Wednesday, April 15, 2009
EZHUMALAI WAS GOVINDAN THEN
Today I am very much reminded of Govindan. Govindan was the one who came to Lakshmi Nivas once a month to bring down the coconuts from the tall palms.
This morning at Raji’s place, instead of Govindan, Ezhumalai(in picture) was the one who climbed up the two coconut palms to bring the coconuts down. And that too, after being called on his cell phone more than once. This Ezhumalai charged Rs. 60 per tree – that means Rs. 120 just to climb up the two trees, and cut down the coconuts.
The Govindan I am talking about charged only one anna, or 6 paise per tree in the 1940s. (Sixteen annas made up a rupee). There were about 20 palms in the compound of Lakshmi Nivas. Govindan would come once a month about 8 am, and wait outside till my mother was free to talk to him. If any of us children saw him, we would shout out to my mother that the ‘thengai parakkaravan’ (coconut plucker) had come. Hearing us once, he said, “Kochammai,(Little Miss) I have a name, and it is Govindan, and Amma knows me.” After that, I would always refer to him by name.
Govindan was a thin, wiry fellow, with alert eyes and a ready subservient smile. One should have seen him, clambering up the coconut tree, with the help of his two hands and his feet tucked in a tight ring made of coconut fibre, faster than a monkey.
Climbing up 20 trees, and bringing down the 500 to 600 coconuts, cleaning the top of every single tree, weeding and cleaning the base of every tree, and sorting out the dried, cut foliage was his job. From 8 in the morning he would be really busy for four or five hours. The maximum money he earned was only Rs. One and a half, and two coconuts. My mother would also give him a large tumbler of sambharam ( salted buttermilk with curry leaves) and a spoonful of pickles for which he used to be very grateful. Compare that Rs. One and a half with the Rs. 60 per tree of today.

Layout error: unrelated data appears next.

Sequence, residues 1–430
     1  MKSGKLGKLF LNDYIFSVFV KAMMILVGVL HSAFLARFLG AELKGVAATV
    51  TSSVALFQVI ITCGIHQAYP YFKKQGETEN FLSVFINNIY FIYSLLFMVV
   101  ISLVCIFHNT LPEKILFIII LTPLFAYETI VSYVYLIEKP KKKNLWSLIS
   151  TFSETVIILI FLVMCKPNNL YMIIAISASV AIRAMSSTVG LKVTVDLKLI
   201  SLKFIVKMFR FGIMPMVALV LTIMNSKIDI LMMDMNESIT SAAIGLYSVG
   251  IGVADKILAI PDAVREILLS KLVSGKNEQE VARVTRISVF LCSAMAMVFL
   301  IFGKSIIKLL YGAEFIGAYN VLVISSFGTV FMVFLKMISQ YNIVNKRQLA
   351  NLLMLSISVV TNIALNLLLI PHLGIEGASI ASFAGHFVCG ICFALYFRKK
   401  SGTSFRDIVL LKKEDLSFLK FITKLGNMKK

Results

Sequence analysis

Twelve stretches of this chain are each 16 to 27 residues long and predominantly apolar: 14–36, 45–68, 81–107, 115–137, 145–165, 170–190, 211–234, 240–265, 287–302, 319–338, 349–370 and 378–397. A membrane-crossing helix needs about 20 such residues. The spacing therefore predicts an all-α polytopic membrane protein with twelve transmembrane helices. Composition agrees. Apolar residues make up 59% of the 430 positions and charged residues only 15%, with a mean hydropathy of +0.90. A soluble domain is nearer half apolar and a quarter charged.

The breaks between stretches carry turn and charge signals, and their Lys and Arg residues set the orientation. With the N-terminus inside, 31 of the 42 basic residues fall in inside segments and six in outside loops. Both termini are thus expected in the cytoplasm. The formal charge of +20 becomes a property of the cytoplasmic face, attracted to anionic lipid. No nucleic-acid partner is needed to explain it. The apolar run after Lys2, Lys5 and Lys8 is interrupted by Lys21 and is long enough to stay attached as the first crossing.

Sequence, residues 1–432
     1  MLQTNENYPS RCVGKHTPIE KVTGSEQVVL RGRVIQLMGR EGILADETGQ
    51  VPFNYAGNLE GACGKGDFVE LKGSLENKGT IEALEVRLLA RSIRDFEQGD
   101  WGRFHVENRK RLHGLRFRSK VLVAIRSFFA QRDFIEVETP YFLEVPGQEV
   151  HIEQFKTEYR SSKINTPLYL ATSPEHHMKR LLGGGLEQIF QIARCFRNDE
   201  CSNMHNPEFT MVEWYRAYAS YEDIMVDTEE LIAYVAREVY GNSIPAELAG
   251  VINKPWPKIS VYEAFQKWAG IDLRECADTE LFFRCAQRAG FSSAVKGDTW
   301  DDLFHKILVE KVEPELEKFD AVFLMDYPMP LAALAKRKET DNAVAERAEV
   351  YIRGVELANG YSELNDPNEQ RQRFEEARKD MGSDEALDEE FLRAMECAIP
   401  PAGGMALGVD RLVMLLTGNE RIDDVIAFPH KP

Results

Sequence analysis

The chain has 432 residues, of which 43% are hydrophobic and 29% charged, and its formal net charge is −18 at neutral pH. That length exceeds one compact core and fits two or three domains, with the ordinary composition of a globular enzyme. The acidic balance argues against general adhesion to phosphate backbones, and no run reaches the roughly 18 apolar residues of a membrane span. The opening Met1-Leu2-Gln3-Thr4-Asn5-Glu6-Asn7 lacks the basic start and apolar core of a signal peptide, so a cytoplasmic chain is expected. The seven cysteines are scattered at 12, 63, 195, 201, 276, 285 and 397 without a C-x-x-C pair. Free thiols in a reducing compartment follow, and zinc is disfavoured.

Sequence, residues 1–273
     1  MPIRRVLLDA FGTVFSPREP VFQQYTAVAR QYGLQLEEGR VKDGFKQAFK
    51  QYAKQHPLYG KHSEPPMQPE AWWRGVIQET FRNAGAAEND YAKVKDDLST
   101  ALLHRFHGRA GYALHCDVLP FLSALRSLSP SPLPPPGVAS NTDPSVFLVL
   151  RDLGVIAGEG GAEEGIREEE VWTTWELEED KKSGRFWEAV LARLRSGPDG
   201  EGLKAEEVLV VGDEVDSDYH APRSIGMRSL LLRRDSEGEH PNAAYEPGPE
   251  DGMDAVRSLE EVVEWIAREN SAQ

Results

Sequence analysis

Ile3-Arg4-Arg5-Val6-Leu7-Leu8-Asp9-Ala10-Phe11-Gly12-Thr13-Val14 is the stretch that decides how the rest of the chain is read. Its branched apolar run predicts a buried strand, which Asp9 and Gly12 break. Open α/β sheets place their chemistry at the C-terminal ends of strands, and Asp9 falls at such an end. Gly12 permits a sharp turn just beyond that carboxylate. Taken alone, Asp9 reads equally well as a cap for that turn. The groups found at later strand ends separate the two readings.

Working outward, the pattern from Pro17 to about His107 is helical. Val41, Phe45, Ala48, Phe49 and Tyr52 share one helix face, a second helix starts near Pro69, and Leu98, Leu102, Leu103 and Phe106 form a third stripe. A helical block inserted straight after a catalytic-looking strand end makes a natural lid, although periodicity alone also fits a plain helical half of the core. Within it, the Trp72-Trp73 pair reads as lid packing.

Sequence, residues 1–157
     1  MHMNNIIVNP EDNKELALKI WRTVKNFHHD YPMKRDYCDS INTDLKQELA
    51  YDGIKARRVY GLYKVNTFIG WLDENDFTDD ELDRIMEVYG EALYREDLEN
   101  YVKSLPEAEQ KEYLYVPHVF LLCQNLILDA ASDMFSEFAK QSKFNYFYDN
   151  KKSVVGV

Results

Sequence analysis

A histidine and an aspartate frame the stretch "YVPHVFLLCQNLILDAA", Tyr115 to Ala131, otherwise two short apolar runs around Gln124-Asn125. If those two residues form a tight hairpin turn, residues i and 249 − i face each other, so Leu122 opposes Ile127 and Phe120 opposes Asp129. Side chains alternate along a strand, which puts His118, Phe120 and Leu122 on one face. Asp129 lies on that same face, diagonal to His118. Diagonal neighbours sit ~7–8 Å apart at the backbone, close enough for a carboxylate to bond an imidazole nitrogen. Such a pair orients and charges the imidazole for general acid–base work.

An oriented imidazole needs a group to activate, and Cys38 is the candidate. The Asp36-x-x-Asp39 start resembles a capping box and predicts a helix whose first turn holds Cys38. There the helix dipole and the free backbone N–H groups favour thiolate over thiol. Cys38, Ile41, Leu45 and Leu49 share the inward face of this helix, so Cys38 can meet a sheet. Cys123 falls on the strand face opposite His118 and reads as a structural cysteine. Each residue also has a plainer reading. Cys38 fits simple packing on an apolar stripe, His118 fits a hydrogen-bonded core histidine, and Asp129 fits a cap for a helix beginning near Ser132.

In a few years’ time Govindan’s son was year junior to my nephew in the Engineering College, Trivandrum. So Govindan was the last of his ilk.
Our family tailor Hariharan was a regular visitor to our place to take clothes to be stitched, starting from my father’s trousers and shorts, to pillowcases. His son did not continue his father’s profession. He was my nephew’s classmate in the Engineering College. Our laundry man Ponnan’s son also studied in the same college.
So one sees that by 1960, the trend in lifestyle was changing. In fact, today there is a shortage of coconut climbers, even in Kerala. I remember having read that in Kerala they have opened an institute to teach how to climb coconut tree, and to how to take care of them.
I remember very well my mother’s ‘Jeeves’ of those days. He was there to see all sorts of odd jobs outside the house – like going to the market, taking care of the cows’ feed, taking care of my father’s clothes and so on. His name was Ramakrishna Pillai. My mother used to call him by his full name at least 10 times a day. But she never used to utter my father’s name – Ramakrishna Iyer. We found it funny and we used to tease her a lot about it.
This Jeeves was paid only Rs. 5 per month, and daily lunch. Our maid Kunjhi, used to come every morning at 5.30 or 6. She would be busy till noon. cleaning the compound on all sides of the house, cleaning the rooms inside the house, doing the dishes, and washing the clothes. Then she would come again in the evening to sweep the house and clean the vessels. She was paid only Rs. 5 per month and was give coffee twice and the left over food every day. Today Raji’s maid (see picture) earns nearly Rs. 5,000, working in more than two houses and cleaning a couple of shops. And does not do as much as Kunji used to in any of the house.
A single rupee had more value in those days. Even Rs. 100 of today, does not have that much value. Times and people have changed, and will go on changing.